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Anticipated “Heat Belt” Means Different Design Requirements

In August 2022, research company First Street Foundation released its extreme heat model report. The peer-reviewed model found that 50 counties in the United State, with a population totaling 8.1 million residents, could experience temperatures above 125 degrees in 2023.

And it gets worse. By 2053, 1,023 counties are expected to meet or exceed this temperature, impacting 107.6 Americans, and covering one-quarter of the United States’ land mass. This “Extreme Heat Belt,” the report said, will reach from the North Texas and Louisiana borders to the Midwest, as far north as Wisconsin.

In response, J.D. Harper, sustainability leader at Cooper Carry, suggested that the built environment should be shifted to meet this problem of extreme heat in the coming decades. In a recent article he wrote for Urban Land Magazine, Harper suggested four design approaches that could help with extreme heat challenges.

Shade for Building Interiors

Because buildings’ mechanical systems are stressed during hot summers, Harper’s suggestion was that window and cladding designs be put into place to “maintain thermal comfort in the event mechanical systems are down.” He pointed to the example of Avocet Tower in Bethesda, MD, which has a glazing system called “View Glass.” The system creates shade on demand and turns darker when extreme heat is in evidence.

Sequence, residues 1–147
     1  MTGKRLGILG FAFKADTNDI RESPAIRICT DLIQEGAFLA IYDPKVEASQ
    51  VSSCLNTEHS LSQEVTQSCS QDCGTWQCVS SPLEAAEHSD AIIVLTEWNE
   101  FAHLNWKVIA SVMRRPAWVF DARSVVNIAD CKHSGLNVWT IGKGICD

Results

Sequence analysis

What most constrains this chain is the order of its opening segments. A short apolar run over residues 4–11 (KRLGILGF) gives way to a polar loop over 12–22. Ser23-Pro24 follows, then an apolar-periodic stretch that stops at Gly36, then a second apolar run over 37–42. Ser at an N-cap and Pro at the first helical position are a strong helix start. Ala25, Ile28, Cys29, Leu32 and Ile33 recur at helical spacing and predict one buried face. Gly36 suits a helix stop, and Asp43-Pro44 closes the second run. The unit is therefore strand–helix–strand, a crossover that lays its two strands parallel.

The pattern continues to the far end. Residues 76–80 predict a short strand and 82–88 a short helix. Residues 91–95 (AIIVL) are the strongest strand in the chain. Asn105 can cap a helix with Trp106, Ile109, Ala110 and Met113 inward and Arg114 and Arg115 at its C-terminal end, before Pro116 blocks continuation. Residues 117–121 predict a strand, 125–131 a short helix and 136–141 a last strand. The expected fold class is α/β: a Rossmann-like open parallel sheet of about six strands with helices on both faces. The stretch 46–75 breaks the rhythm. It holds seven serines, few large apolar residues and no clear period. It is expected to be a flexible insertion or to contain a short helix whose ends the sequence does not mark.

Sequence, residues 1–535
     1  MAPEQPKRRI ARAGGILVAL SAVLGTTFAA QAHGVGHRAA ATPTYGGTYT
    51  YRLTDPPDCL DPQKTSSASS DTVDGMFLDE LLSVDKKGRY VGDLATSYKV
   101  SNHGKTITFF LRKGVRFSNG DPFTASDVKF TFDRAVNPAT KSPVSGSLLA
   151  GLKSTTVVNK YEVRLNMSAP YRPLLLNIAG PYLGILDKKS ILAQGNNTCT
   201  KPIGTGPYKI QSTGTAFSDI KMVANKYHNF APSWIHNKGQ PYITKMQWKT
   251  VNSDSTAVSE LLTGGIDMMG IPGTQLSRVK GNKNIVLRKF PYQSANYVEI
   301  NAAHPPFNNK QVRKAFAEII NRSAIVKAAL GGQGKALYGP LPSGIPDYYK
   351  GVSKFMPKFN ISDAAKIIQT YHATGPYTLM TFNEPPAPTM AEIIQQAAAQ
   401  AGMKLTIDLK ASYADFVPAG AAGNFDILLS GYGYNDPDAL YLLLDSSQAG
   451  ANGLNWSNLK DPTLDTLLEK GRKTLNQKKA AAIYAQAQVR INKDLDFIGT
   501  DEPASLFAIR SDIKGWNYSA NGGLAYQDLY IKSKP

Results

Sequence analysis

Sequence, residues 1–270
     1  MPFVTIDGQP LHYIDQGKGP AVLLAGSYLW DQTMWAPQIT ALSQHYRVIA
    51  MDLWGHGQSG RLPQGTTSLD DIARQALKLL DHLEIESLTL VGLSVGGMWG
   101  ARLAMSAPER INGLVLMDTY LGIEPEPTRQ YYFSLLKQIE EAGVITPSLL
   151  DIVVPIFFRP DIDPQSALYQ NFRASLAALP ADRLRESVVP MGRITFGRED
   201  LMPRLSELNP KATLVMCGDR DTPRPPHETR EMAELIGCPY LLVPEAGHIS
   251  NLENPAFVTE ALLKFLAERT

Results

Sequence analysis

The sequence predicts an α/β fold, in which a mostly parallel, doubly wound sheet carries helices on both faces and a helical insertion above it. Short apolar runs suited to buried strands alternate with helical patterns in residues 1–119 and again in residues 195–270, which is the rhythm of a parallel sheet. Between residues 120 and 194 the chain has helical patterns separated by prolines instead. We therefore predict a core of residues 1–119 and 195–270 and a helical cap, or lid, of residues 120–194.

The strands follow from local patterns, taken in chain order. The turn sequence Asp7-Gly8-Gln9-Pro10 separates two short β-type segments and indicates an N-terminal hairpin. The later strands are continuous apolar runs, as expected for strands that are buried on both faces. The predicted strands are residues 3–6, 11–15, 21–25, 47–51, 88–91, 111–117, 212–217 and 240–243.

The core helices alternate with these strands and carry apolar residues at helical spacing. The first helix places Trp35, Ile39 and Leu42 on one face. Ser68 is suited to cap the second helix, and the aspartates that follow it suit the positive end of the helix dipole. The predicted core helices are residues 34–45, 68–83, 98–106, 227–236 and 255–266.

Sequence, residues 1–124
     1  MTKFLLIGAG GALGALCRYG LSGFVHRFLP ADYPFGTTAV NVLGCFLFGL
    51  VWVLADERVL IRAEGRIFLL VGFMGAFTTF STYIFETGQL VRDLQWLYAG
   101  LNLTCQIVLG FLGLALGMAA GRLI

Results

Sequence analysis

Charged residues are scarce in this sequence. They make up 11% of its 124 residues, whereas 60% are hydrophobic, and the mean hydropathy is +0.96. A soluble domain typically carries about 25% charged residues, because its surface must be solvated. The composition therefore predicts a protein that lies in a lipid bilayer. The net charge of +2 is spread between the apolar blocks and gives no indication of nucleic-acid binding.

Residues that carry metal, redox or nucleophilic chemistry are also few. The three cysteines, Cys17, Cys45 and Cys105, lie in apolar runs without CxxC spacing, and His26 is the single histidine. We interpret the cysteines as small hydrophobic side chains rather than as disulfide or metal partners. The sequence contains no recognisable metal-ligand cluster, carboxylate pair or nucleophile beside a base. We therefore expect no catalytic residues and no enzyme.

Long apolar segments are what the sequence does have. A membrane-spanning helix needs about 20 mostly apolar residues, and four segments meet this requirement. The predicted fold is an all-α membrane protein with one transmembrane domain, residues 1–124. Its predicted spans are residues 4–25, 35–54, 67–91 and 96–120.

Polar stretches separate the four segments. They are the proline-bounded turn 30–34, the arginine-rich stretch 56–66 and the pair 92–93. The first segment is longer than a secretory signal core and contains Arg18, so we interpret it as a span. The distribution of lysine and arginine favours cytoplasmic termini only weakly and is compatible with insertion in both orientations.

Passive House Principles

Passive housing means it’s comfortable for occupants during both summer and winter months without an active heating or colling system. “New construction projects have the opportunity to build passive house principles into the building design, with an emphasis on tighter building envelope, high-performance doors and windows, and energy-recovery ventilation,” Harper wrote.

Urban Heat Island Effect Reduction

Designing green and “soft” spaces in and around buildings can help excess heat to be absorbed during hot days in the city. Harper discussed a vegetated roofing system that Cooper Carry recently designed for an Ohio hotel. This “Purple Roof System” has 14,000 square feet of vegetation above grand ballroom space, and also acts as a stormwater detention system.

All-Electric Buildings

While all-electric buildings might be expensive, “we encourage developers to explore their options,” Harper said. In some cases, going all electric (versus gas line installation) can help construction budgets, promote environmental sustainability and help reduce long-term operating costs of a project.


Inside The Story

Cooper Carry's J.D. Harper

About Amy Wolff Sorter

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